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‘It was only a matter of time’

Lyn Marcello, a schoolteacher on Long Island, knew it would only be a matter of time before the island had its first case of COVID-19. 

The island recorded its first three cases this week. Since March, the island remained COVID-19-free.

“I think what happened was because we were freed before many of the other islands, people took it for granted that it would remain that way,” she told The Nassau Guardian when called for comment yesterday. 

“And also, I feel they relaxed to the extent that they were not fully aware of how dangerous this virus could actually be.

“And I had heard of a function or two, and what happened was there were more than the allotted numbers and as a result, these cases have come up. So, the persons who went to the function intermingled with others, and there we have it – community spread. [It’s] sad but true.”

Marcello said she knew there would eventually be cases on Long Island, but the confirmation on Sunday was a disappointment for her.

“I am a bit disappointed, but I feel that this was inevitable because there is no way our country can be manned sufficiently because we are an archipelagic nation,” she said.

“So, it was bound to happen. And I feel each and every island will eventually have some cases.”

Long Island MP Adrian Gibson said the first confirmed case was a relative of his. 

He also noted yesterday that a person displaying COVID symptoms had to be airlifted on Monday night

Gibson said recent deaths on the island are also under investigation.

Cindy Petsch, another Long Island native, said the cases raise a number of questions, especially given the limited health care on the island. 

“People are definitely nervous about the situation, some are concerned about the quality of medical care that is available on the island,” she said.

“However, the medical team on the island are doing a great job with the limited resources they have.

“What is the course of treatment available in The Bahamas for COVID-related cases? Should more testing be done on the island to see exactly how many persons are truly infected? What persons should take to boost one’s immune system? There are a lot of concerns.”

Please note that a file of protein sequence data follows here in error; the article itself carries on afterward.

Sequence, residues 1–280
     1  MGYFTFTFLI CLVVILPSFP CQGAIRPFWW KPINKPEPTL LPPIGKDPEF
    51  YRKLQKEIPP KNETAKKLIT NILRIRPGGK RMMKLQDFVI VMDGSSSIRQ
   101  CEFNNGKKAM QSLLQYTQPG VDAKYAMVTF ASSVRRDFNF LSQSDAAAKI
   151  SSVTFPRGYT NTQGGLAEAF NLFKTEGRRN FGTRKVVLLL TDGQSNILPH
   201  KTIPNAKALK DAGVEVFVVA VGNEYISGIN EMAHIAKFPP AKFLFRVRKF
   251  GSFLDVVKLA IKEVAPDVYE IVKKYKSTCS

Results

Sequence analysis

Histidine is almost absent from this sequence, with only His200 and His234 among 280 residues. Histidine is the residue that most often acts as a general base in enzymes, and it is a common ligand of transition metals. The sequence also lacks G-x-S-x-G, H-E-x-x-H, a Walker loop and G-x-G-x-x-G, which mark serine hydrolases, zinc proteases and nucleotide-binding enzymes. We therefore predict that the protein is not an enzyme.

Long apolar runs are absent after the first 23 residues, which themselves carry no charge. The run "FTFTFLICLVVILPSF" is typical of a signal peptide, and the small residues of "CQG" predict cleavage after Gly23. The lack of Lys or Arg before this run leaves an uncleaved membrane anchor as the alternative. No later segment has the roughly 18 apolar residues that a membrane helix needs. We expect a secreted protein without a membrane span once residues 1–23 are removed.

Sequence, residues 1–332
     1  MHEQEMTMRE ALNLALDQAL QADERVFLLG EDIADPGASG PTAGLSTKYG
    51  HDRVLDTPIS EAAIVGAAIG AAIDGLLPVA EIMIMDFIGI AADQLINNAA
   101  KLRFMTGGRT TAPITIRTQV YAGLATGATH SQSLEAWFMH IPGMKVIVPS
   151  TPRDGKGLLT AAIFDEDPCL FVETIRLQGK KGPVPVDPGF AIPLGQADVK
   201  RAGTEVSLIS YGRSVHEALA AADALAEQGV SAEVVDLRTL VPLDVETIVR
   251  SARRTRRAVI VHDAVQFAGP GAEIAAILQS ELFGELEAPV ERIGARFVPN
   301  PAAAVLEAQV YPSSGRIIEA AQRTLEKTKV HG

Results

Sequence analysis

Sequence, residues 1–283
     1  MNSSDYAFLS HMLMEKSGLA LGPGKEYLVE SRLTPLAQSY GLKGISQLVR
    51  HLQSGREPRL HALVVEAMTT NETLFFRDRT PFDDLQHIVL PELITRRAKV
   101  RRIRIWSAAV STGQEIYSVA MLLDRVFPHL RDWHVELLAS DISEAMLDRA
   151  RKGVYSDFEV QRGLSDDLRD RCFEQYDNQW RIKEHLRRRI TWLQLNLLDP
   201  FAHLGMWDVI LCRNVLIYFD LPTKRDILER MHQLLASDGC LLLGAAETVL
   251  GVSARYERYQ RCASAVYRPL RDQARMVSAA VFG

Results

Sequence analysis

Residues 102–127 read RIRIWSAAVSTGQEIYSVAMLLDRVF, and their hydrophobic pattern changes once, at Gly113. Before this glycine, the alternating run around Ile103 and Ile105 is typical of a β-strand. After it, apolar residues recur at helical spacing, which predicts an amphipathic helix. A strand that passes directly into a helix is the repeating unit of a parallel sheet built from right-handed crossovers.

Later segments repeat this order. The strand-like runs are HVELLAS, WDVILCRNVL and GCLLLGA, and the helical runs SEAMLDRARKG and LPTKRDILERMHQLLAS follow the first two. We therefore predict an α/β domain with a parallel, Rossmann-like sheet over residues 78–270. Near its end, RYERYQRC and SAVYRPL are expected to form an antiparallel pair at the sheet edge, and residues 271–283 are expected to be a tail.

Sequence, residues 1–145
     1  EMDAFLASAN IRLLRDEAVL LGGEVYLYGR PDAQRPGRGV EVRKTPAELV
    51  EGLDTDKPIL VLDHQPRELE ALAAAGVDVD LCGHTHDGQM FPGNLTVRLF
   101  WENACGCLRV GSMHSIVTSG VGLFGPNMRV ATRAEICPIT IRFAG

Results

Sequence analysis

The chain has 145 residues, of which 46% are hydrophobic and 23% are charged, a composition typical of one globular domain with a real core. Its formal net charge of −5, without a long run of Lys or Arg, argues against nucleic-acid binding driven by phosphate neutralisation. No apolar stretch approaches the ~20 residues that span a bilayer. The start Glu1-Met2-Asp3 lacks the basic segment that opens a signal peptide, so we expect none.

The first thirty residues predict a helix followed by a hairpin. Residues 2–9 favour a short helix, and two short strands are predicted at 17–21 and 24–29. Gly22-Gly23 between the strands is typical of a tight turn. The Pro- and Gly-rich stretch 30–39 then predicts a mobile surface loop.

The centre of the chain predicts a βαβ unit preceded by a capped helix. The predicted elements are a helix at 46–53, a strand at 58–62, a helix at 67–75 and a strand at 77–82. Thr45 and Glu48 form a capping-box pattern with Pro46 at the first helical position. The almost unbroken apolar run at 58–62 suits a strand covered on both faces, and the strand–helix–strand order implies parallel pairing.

Petsch said some residents are asking for a lockdown of the island to isolate cases and stop potential community spread.

“Some persons even feel that the island should be put on a mandatory lockdown for two weeks so that whoever has it will be treated and there will not be any more spread,” she said.

“Also they are requesting this lockdown because it appears that some persons will never adhere to the rules.”

She added, “So, are we nervous? Yes, but we are definitely hopeful that we as Long Islanders will overcome this too. We are a resilient people and we have faced many obstacles before and with the help of God almighty, we will prevail.”

However, Marcello, said she is doubtful that a lockdown will be implemented.

“It appears as though the general Bahamian populous, they dislike the lockdowns,” she said.

“So they have to be responsible. If you don’t like lockdowns, be responsible.”

Marcello added, “I think the prime minister, his goal was to flatten the curve by having lockdowns, but each time there was one, there was a section of the populous that always was not for it. They wanted to be let out. So, I guess he left the ultimate responsibility up to us to do what we have to do.

“I don’t think we need another lockdown because our economy would fall into shambles. And we cannot have that.”

Marcello said she believes the virus may have been spread through some social events that should not have happened.

Betty Miller, owner of Hillside Food Supply, one of the largest grocery stores on the island, said she is concerned about the ability of officials to enforce a quarantine on Long Island.

“There are a lot of rumors that many people are in quarantine,” she said.

Miller added, “I hope that people who are in quarantine are being monitored.

“I know someone was supposed to be in quarantine yesterday, and I saw them out and about. So, I hope the police are really watching people who are supposed to be in quarantine. So, that’s my fear.”

Miller said the island’s first case, which was confirmed on Sunday, was a person who had been careful and tried not to expose himself.

“What’s scary is he was careful and he was not out and about, and he still got it,” she said.

“So, when you’re trying to do your best, it’s just still so risky.”

She said that even though Long Island remains open for normal business, more restrictive measures have already been implemented at the food store.

“When everything first started, we limited it to five customers in the building at a time,” she said.

 “As of yesterday, we started it again, only allowing five in at a time.”

 There are over 2,200 cases of COVID-19 in The Bahamas, with cases now on every major island. 

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Rachel Knowles

Rachel joined The Nassau Guardian in January 2019. Rachel covers national issues. Education: University of Virginia in Charlottesville, BA in Foreign Affairs and Spanish

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